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Thursday, June 2, 2011

Can someone improve on this?

Over at, someone posted this question:

 What does the roman catholic church think regarding women wearing a mantilla at church?

This is the current response:

I do not think that the church of Rome is as appalled by the lack of mantillas in these days as they were in the sixties. I was eight when my mother who's long jet black hair reached the small of here back wore for the first time in her life a black hand weaved mantilla. The priest stopped the sermon he was delivering to yell out "blasphemer, You dare to come into the house of God without your hair being Covered!". My Mother ran out of the church collapsed on the steps and vowed never to return. She cut her hair to a mans length and is today 78 years of age. She still has short hair and has only gone to the roman church for my wedding, under protest of course.

I think this could be improved, no?

The site has an edit option for this response - would some be willing to contribute something a little more factual and a little less dramatic?


  1. The most frustrating thing about this is that it most likely did not happen. Things have a way of getting distorted as the story is told again and again. I highly doubt a priest would stop his sermon to admonish a woman regarding her veil.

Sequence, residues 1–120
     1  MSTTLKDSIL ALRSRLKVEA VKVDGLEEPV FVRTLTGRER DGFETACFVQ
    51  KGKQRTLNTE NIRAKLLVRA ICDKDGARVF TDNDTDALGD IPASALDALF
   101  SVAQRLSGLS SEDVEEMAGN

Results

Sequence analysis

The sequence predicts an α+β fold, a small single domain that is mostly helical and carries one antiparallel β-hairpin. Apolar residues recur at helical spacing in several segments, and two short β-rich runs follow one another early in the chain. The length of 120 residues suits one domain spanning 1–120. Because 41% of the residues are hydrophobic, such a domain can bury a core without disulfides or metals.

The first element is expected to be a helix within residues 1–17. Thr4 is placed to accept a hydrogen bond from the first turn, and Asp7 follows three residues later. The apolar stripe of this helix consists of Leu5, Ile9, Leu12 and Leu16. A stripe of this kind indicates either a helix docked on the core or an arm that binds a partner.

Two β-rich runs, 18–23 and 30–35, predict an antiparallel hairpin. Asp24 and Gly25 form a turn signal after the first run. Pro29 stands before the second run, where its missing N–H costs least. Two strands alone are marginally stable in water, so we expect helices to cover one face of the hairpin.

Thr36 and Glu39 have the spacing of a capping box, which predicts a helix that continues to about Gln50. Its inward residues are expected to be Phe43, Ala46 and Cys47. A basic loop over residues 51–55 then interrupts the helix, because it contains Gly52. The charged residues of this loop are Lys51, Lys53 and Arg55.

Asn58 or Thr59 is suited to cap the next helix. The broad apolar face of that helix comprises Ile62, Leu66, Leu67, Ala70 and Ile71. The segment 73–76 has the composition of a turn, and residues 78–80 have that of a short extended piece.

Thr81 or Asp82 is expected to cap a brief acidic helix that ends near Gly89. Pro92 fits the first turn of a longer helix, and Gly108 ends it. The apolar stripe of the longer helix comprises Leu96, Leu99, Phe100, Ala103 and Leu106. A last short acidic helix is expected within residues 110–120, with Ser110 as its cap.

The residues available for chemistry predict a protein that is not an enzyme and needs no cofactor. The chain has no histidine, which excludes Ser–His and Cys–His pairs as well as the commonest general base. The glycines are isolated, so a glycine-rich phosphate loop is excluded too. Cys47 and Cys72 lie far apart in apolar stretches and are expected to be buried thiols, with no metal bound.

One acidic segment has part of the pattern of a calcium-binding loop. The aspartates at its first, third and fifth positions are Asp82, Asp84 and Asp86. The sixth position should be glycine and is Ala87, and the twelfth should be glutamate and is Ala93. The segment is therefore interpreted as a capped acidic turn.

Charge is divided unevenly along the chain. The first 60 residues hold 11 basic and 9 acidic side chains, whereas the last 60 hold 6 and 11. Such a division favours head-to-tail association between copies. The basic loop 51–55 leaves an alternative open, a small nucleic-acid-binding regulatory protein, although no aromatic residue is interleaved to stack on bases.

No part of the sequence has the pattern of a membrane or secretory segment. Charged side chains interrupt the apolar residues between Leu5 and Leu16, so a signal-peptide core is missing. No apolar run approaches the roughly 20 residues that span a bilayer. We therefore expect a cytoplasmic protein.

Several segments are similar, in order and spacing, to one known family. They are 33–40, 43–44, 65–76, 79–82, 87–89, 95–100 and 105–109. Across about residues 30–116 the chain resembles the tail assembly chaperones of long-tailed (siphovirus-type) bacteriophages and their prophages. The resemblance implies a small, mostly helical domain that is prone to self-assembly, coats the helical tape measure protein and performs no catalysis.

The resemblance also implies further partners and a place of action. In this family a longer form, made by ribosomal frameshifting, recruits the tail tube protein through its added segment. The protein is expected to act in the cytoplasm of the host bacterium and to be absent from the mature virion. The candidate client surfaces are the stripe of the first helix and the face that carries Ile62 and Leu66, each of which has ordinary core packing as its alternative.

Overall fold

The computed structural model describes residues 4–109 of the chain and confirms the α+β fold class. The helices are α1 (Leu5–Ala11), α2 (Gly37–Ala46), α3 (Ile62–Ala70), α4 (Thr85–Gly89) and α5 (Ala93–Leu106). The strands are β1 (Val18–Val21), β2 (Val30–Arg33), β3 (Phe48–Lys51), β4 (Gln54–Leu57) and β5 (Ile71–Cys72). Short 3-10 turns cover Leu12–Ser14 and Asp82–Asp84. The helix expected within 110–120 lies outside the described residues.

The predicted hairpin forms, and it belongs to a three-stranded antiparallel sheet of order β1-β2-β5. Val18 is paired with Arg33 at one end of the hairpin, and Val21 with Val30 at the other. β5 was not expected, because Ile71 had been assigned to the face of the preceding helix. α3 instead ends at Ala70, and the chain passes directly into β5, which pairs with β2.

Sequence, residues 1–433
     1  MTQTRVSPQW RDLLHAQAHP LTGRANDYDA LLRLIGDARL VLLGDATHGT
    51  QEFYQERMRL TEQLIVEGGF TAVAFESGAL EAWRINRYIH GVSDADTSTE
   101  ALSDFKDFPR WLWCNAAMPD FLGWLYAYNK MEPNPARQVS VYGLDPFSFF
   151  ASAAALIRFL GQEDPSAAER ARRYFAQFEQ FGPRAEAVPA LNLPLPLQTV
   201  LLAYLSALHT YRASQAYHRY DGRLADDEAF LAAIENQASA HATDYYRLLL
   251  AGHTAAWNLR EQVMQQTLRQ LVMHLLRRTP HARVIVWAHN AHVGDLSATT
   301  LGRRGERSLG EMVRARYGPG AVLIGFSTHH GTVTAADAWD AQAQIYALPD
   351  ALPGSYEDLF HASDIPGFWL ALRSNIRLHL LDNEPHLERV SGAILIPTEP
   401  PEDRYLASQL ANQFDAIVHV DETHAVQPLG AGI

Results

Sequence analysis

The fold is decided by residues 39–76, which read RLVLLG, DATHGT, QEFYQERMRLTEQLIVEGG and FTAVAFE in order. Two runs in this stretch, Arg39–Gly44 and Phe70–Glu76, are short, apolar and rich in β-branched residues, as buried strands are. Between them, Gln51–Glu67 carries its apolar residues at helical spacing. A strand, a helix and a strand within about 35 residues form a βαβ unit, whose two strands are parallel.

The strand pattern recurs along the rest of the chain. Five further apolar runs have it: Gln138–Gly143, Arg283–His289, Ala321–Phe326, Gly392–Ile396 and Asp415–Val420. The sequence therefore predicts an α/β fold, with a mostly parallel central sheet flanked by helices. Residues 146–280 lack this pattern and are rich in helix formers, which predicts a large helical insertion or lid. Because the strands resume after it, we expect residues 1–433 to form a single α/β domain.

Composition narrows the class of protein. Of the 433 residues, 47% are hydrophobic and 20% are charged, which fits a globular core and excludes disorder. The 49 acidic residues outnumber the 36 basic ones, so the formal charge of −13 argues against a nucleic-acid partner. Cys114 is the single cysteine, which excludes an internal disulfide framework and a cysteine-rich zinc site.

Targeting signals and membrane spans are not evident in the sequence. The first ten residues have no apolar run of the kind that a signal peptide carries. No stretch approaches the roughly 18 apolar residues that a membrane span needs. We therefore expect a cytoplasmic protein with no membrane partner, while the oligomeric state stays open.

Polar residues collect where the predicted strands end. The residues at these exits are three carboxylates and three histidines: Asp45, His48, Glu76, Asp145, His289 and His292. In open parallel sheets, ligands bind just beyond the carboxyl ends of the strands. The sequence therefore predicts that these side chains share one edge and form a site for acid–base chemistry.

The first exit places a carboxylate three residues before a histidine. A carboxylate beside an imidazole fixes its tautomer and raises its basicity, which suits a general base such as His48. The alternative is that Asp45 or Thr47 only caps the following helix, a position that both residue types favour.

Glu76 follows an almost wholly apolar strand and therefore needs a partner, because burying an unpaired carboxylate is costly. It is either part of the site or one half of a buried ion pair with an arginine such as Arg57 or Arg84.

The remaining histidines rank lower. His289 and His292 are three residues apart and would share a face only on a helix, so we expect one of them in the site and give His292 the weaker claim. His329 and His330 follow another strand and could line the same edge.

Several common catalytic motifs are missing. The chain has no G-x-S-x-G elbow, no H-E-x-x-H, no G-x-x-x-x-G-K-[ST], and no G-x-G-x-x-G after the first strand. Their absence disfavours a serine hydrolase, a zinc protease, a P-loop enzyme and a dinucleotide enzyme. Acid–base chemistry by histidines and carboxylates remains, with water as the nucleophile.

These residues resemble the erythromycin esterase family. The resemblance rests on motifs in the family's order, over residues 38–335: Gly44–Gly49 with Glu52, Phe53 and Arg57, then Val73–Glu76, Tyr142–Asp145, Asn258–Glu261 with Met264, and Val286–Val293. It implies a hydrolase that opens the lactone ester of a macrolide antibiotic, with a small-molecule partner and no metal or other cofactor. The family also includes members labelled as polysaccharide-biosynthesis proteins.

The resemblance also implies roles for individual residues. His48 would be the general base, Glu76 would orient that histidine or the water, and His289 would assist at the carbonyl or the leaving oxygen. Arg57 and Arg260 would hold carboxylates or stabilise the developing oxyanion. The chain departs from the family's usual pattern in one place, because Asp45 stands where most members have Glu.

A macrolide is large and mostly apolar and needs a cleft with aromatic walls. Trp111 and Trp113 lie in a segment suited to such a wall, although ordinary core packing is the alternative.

If the mother's decided to never return to church why did she cut her hair? Why is the poster referring to the Holy Roman Catholic Church using the anti-Catholic expressions "church of rome" and "Roman Church"? I am also suspicious that, with all the hurt and pain that came along with being cast out of the church, that her child would remain Catholic and choose to get married in the church. Just saying. :)

    But then again, I am from the generation where some priests would rather deal with gross errors in faith than to tell someone they are doing something wrong...even if the person is BEGGING for some hard truths, tough love and real spiritual guidance.

  2. I have posted a new answer to the question. My response is as follows:

    Until very recently, Catholic women were required by canon law to veil themselves when in church.

    Canon 1262 §2 of the 1917 Code of Canon Law provided that:

    Men, in a church or outside a church, while they are assisting at sacred rites, shall be bare-headed, unless the approved mores of the people or peculiar circumstances of things determine otherwise; women, however, shall have a covered head and be modestly dressed, especially when they approach the table of the Lord.

    This was requirement was based on both tradition and scripture. In 1 Corinthians 11:1-16 St Paul argues that women should wear a veil when praying.

    Canon law no longer requires Catholic women to cover their heads in church. The 1983 Code of Canon Law did not include this requirement and, in fact, abrogated those parts of the 1917 Code not intentionally included within the new legislation (including Can. 1262 §2).

    This means, therefore, that Catholic women are free to cover their heads in church but are not required to do so.

    Following the 2007 Motu Proprio (Summorum Pontificum) many Catholic women (especially young women) have returned to the tradition of wearing a mantilla when in church. Although most commonly seen at the extraordinary form mass, some women also wear them to the ordinary form mass.


    Read more:


  4. Tinman: Thanks for sharing this article and link. It was interesting.